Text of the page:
The fan pays $28.27 ($25+$2 Side Door fee + 3.58% + .30 Stripe fee). 

  • $7.22 to Side Door (26%)
  • $17.54 to Artist (62%)
  • $3.51 to Host (12%)

Something that most people don’t think of when negotiating club deals are the ticketing fees. 

The best kept secret in the live music space is that promoters and venues (!) get a solid cut of those darn ticketing fees. 

A normal club show breakdown at a Live Nation venue using Ticketmaster where the band gets “70% of tix” looks something like this on a $25 ticket:

The fan pays $35.25 ($10.25 in total ticketing fees)

  • $12.63 to the venue/promoter (36%)
  • $5.13 to Ticketmaster (15%)
  • $17.50 to Artist (50%)

So, in this scenario, you’re making almost the exact same amount as you did with Side Door. 

Whereas an independent show with tickets on Eventbrite looks something like this for a $25 ticket: 

The fan pays $28.52 ($25 + 3.7%+$1.79 Eventbrite fee + 2.9% processing fee)

  • $3.52 to Eventbrite (12%)
  • $25 to the Artist (88%)

In this scenario, you’re making quite a bit more running tickets through Eventbrite versus Side Door or Ticketmaster. 

And as stated before, Side Door and virtually every traditional music venue covers the license fees for Performing Rights Organizations (PROs) like ASCAP, BMI, SESAC, SOCAN, etc. So no DIY venue has to worry that a PRO will come after them for a license. Those fees are baked into the cut.

Also worth noting, you don’t have to use Side Door for ticketing (but that’s how they make money). If you’d like to run the show with tips, you absolutely can work out the details on platform and the night of the show “pass the hat” and sell your merch.

Also, in my experience I’ve found hosts aren’t really doing it for the money. 

They are happy to go a bit out of pocket (for snacks, cleaning fees, what have you) to be able to host a once in a lifetime experience for their friends and family. 

But I understand Side Door is hoping to attract hosts who simply love live music to put on concerts in their space for artists they may not know. 

Side Door’s perceived value is in its interconnectedness, customer support and community. 

The issue is, there isn’t much community or interconnectedness just yet (at least not outside of Canada). 

Just like we all know by this point “promoters” that book shows don’t really promote those shows (but they take their handsome cut anyway), I’m not sure Side Door’s fees are worth it as they are structured now. 

I set up a show call for Los Angeles for April 1-9 just to see what would happen. After a few weeks (and posting it a couple times on my social media) I got 0 responses. Sure, I could double down and send out email blasts (where the majority of my audience is), but why would I do that to give up around 38% of the take?

Side Door was founded in Canada so the vast majority of hosts are in currently in Canada

When I have previously run house shows I worked out everything over email. I actually have a house concert booking email template in my book if you’re interested.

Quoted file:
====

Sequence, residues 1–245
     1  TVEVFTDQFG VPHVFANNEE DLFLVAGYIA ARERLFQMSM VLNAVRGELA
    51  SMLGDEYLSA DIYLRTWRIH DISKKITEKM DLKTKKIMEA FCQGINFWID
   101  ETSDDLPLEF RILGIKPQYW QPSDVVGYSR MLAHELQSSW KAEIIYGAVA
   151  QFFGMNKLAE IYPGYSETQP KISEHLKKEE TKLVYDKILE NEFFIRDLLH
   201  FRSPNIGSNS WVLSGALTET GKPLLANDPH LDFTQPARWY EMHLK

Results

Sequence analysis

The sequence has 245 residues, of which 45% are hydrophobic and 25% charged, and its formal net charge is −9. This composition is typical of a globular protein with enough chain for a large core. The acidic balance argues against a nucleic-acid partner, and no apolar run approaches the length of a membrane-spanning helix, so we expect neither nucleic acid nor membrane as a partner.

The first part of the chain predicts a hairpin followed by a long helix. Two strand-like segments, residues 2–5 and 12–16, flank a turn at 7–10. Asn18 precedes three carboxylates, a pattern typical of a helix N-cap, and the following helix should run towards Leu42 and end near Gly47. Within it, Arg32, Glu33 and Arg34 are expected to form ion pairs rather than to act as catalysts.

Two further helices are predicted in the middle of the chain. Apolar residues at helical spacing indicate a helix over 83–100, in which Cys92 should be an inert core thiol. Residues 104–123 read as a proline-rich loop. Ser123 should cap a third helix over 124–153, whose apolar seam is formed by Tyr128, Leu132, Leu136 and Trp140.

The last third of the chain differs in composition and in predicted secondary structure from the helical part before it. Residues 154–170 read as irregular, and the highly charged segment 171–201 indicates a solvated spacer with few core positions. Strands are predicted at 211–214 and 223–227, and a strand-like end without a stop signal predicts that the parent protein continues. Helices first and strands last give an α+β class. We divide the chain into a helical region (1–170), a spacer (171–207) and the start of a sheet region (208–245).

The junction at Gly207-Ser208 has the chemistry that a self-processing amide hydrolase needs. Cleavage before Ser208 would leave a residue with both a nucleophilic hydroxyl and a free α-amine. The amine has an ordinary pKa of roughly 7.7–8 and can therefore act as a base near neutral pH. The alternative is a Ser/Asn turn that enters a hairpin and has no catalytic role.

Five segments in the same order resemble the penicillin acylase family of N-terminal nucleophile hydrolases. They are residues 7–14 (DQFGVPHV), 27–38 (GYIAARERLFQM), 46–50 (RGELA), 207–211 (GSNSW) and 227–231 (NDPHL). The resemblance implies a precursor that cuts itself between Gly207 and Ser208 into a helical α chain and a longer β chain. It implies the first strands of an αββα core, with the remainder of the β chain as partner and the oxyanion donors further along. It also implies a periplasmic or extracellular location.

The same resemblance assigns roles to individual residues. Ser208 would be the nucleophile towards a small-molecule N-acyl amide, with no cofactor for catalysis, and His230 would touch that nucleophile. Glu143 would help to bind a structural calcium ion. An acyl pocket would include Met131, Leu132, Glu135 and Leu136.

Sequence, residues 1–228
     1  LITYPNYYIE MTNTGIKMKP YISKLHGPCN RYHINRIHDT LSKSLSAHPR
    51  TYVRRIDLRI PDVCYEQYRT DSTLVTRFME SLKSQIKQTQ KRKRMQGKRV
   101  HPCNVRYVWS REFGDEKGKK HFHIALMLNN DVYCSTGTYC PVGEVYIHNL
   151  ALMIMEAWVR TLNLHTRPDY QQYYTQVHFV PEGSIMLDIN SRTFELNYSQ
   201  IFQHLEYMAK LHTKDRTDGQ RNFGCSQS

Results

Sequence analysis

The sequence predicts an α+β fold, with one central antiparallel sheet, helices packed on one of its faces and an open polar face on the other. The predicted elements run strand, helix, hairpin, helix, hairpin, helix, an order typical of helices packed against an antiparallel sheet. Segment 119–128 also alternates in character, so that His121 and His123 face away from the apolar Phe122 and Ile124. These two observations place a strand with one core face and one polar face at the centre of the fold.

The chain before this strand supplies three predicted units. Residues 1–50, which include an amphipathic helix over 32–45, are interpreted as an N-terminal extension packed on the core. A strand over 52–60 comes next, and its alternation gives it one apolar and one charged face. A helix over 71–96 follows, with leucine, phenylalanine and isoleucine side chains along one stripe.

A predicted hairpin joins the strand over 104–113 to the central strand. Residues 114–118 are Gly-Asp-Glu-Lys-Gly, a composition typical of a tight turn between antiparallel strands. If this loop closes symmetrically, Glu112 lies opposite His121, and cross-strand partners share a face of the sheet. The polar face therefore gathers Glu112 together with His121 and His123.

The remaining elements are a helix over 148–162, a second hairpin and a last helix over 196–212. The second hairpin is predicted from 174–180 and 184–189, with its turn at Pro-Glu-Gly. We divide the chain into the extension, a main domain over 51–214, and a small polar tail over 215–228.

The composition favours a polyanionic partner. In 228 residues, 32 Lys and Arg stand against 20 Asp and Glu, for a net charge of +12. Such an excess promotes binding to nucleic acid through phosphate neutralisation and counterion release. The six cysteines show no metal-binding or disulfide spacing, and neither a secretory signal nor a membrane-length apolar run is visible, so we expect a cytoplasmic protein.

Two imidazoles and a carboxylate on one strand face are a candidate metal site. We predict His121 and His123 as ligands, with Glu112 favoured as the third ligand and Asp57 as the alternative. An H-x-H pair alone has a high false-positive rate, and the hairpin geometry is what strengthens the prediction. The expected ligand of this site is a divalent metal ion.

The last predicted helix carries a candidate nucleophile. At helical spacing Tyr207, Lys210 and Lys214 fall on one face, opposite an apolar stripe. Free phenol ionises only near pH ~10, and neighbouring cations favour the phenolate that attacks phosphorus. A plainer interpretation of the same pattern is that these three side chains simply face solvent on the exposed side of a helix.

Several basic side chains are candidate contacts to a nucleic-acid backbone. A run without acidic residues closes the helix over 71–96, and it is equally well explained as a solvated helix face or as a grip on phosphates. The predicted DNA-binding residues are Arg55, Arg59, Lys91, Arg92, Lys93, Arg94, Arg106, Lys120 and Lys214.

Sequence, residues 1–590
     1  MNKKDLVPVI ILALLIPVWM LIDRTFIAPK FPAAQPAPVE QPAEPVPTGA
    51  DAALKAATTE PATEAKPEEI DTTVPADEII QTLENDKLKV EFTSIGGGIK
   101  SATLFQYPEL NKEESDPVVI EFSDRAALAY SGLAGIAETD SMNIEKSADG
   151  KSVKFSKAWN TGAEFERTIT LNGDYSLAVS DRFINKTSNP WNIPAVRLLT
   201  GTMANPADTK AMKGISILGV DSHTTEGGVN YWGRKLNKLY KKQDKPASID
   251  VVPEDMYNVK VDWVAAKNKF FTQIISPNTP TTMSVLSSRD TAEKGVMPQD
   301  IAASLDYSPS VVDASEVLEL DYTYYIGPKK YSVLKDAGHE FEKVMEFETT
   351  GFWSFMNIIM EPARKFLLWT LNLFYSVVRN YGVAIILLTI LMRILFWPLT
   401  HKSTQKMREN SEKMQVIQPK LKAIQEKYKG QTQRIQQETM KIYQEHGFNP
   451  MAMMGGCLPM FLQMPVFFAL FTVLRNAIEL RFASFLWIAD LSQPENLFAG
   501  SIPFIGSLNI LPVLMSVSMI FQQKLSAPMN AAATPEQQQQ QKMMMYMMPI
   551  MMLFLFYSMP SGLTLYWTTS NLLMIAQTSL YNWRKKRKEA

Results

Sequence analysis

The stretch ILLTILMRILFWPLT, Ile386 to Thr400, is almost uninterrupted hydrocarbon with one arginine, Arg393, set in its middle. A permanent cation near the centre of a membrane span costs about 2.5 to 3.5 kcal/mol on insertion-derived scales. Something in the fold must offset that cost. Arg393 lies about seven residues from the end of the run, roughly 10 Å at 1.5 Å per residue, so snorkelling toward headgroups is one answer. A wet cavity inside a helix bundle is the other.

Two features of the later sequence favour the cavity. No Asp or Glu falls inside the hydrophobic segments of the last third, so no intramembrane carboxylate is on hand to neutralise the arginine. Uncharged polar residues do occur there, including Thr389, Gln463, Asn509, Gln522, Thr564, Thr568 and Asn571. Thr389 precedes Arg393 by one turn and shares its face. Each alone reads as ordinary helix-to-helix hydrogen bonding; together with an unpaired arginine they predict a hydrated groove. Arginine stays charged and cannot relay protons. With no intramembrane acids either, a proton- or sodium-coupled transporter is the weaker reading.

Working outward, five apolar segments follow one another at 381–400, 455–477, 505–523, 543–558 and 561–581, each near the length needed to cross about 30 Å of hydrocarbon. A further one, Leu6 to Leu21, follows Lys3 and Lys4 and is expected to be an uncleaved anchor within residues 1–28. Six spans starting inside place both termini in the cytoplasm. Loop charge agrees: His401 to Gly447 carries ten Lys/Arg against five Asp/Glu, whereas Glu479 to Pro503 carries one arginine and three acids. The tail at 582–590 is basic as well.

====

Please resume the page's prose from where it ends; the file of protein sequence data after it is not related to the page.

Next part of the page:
I do appreciate how organized Side Door is. Keeping all of the messages around the one show call is extremely helpful. Unless you’re an unbelievably organized person (or a booking agent) it is very challenging to keep all of the simultaneous booking emails straight – especially when multiple people request varying dates in various cities. Which brings me to my next point. 

On Side Door, you are required to select a city for your show call and unable to put out a “general” call. 

Side Door, create a show call/select a city example

Like, if I just want to see where my fans are who would like to host me, there’s no way to do that on Side Door, currently. I have to guess what cities they may be in.

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On a previous house concert tour, I put out a general request to my email list and socials that basically just asked if anyone would like to host a house concert for me. I got a ton of responses from people in podunksville – oftentimes hours outside of a major city. I would have never known to put their town in the show call and they probably wouldn’t have responded to a show call that was in a city hours from where they live. 

But I’m happy to route a tour through their town. One night I’ll play a club in the city and the next night I’ll drive to their home in the country for the house show. 

This should be a feature on Side Door. 

Side Door is currently incentivizing artists (with $500/show guarantees on top of the cut of tix) to put up show calls to inspire more hosts to sign up to the platform so they build their host network – which is definitely needed everywhere outside of Canada right now. 

You can take advantage of this by signing up here. 

My recommendation to Side Door is to instead incentivize hosts to sign up and start booking shows in their space. Maybe they build out a network of host ambassadors in every region who find alternative venue spaces 

Overall, I love the idea of Side Door. I trust and respect the co-founders. The fact that a successful, touring singer/songwriter started this platform is a huge selling point for me. I really want them to succeed. 

Time will tell if they will.

Learn more about Side Door and signup here.

About The Author

Ari Herstand
Ari Herstand
Ari Herstand is a Los Angeles based musician, the founder and CEO of Ari’s Take and the author of How to Make It in the New Music Business.